It all started in the Middle Ages.
Churches began re-retelling the story of Christ's crucifixion in music. It was simple at first; just chanted bible verses. But it would eventually become ambitious projects that underscored the passion of Jesus' death.
By the 1720, we get one of the greatest musicians who ever lived -- Johann Sebastian Bach -- writing one of the greatest monumental feats in all Western music, his St. Matthew Passion.
With two orchestras, double (and even at one point, triple!) choirs, and non-scriptural choruses and arias, this passion is exceptional even in the florid Baroque for its musical richness and grand scope.
It's long, but filled with interest -- musical textures that range from the simplest aria sung with just a couple of instruments to complex counterpoint.
Dramatically, we shift from the narration of the Evangelist to the actual words of Jesus and his disciples -- and then to reflections of individual followers.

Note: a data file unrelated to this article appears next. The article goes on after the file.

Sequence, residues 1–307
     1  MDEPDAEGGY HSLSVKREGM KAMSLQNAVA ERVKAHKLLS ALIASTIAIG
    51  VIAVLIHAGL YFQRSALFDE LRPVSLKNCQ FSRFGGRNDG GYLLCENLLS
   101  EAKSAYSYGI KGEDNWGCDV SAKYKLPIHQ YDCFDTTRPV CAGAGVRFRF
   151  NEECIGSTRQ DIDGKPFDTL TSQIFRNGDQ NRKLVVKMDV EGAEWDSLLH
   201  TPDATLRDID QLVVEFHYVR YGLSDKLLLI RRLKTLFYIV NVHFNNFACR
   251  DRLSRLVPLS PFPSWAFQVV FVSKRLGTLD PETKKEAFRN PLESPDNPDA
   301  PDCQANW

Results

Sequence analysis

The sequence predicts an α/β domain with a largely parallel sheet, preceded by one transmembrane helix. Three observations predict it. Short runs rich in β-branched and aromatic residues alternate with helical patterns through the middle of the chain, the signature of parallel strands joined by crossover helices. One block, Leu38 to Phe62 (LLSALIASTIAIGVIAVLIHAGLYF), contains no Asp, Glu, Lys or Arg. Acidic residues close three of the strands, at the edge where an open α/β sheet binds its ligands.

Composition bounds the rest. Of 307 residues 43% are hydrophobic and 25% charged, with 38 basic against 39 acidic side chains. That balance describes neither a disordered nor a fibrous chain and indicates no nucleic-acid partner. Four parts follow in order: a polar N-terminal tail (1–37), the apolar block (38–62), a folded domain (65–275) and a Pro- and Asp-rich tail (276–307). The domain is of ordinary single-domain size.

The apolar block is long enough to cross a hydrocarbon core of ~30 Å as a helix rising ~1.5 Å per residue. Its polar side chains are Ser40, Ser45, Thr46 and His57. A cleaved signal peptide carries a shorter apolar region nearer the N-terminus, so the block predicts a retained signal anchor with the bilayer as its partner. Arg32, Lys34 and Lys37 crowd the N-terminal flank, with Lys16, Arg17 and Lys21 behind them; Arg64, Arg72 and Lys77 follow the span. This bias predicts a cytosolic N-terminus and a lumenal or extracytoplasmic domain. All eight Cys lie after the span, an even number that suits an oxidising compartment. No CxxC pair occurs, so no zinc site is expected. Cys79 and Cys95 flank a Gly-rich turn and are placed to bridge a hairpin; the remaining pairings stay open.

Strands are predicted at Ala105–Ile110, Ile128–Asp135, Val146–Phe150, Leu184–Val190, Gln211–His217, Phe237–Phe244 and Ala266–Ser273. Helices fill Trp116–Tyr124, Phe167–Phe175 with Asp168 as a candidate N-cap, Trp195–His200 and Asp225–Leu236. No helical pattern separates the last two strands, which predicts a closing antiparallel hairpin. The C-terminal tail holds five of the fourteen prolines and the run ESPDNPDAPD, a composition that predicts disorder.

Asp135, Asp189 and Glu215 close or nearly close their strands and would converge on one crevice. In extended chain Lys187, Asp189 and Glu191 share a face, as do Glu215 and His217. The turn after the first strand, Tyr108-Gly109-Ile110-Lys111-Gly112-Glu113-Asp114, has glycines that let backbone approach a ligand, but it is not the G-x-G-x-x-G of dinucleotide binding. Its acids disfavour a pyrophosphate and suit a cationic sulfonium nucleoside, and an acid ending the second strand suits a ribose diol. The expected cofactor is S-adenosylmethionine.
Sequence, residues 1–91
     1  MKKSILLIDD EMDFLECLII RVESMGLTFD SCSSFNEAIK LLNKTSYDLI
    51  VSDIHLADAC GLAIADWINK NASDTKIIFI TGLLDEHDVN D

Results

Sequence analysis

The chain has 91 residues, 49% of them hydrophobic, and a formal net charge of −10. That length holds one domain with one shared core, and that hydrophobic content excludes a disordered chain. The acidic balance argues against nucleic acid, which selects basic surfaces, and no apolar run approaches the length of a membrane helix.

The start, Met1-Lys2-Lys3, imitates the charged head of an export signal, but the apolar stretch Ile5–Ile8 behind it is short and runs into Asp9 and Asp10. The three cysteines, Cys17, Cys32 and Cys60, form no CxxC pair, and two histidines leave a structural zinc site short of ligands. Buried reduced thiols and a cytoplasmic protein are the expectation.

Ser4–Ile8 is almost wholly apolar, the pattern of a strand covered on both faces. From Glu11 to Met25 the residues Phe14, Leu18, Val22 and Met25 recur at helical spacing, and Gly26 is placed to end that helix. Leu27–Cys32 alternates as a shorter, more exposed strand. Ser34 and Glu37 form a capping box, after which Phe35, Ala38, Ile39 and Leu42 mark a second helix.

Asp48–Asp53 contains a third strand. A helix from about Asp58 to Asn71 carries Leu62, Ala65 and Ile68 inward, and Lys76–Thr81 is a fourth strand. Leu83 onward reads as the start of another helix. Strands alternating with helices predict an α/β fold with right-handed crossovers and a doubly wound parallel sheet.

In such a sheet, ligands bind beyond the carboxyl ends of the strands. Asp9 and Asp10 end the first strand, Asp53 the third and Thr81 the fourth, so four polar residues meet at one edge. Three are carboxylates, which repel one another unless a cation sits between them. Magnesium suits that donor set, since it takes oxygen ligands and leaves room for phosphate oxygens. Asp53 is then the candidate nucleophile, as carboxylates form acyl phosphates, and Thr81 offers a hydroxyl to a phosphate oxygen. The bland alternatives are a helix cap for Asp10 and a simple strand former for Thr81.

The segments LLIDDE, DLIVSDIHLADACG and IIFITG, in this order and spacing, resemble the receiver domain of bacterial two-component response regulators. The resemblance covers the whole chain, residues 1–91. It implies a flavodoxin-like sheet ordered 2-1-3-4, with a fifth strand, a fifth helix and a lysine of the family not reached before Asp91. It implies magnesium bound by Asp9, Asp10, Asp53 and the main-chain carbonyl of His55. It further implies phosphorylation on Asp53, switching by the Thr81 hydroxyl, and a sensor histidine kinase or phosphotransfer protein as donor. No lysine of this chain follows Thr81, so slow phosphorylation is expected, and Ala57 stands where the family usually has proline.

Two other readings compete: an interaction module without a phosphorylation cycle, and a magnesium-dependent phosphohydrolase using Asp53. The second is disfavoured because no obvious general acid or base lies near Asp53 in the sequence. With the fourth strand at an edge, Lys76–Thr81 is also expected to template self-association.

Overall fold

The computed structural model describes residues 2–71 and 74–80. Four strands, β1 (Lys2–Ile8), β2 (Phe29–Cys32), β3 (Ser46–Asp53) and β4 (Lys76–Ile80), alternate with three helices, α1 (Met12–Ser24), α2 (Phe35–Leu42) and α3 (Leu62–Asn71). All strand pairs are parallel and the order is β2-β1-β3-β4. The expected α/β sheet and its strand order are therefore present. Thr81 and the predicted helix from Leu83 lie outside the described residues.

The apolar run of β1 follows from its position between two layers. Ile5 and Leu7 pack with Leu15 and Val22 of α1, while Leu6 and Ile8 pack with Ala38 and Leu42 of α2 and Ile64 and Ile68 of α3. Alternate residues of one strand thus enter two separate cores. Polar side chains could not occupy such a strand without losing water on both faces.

In Bach's hands, the effect is one of a single, sustained meditation -- appropriate for Good Friday -- and for a work that was first performed as part of a church service.
Scholars believe the first performance of the St. Matthew Passion happened on Good Friday in 1727. And then 100 years passed and it was forgotten -- until a young Felix Mendelssohn presented it to grateful ears -- and the modern Bach revival was born, one that continues today.
You can follow along with the original score posted below, and read more about St. Matthew's Passion and check out the text of the piece here.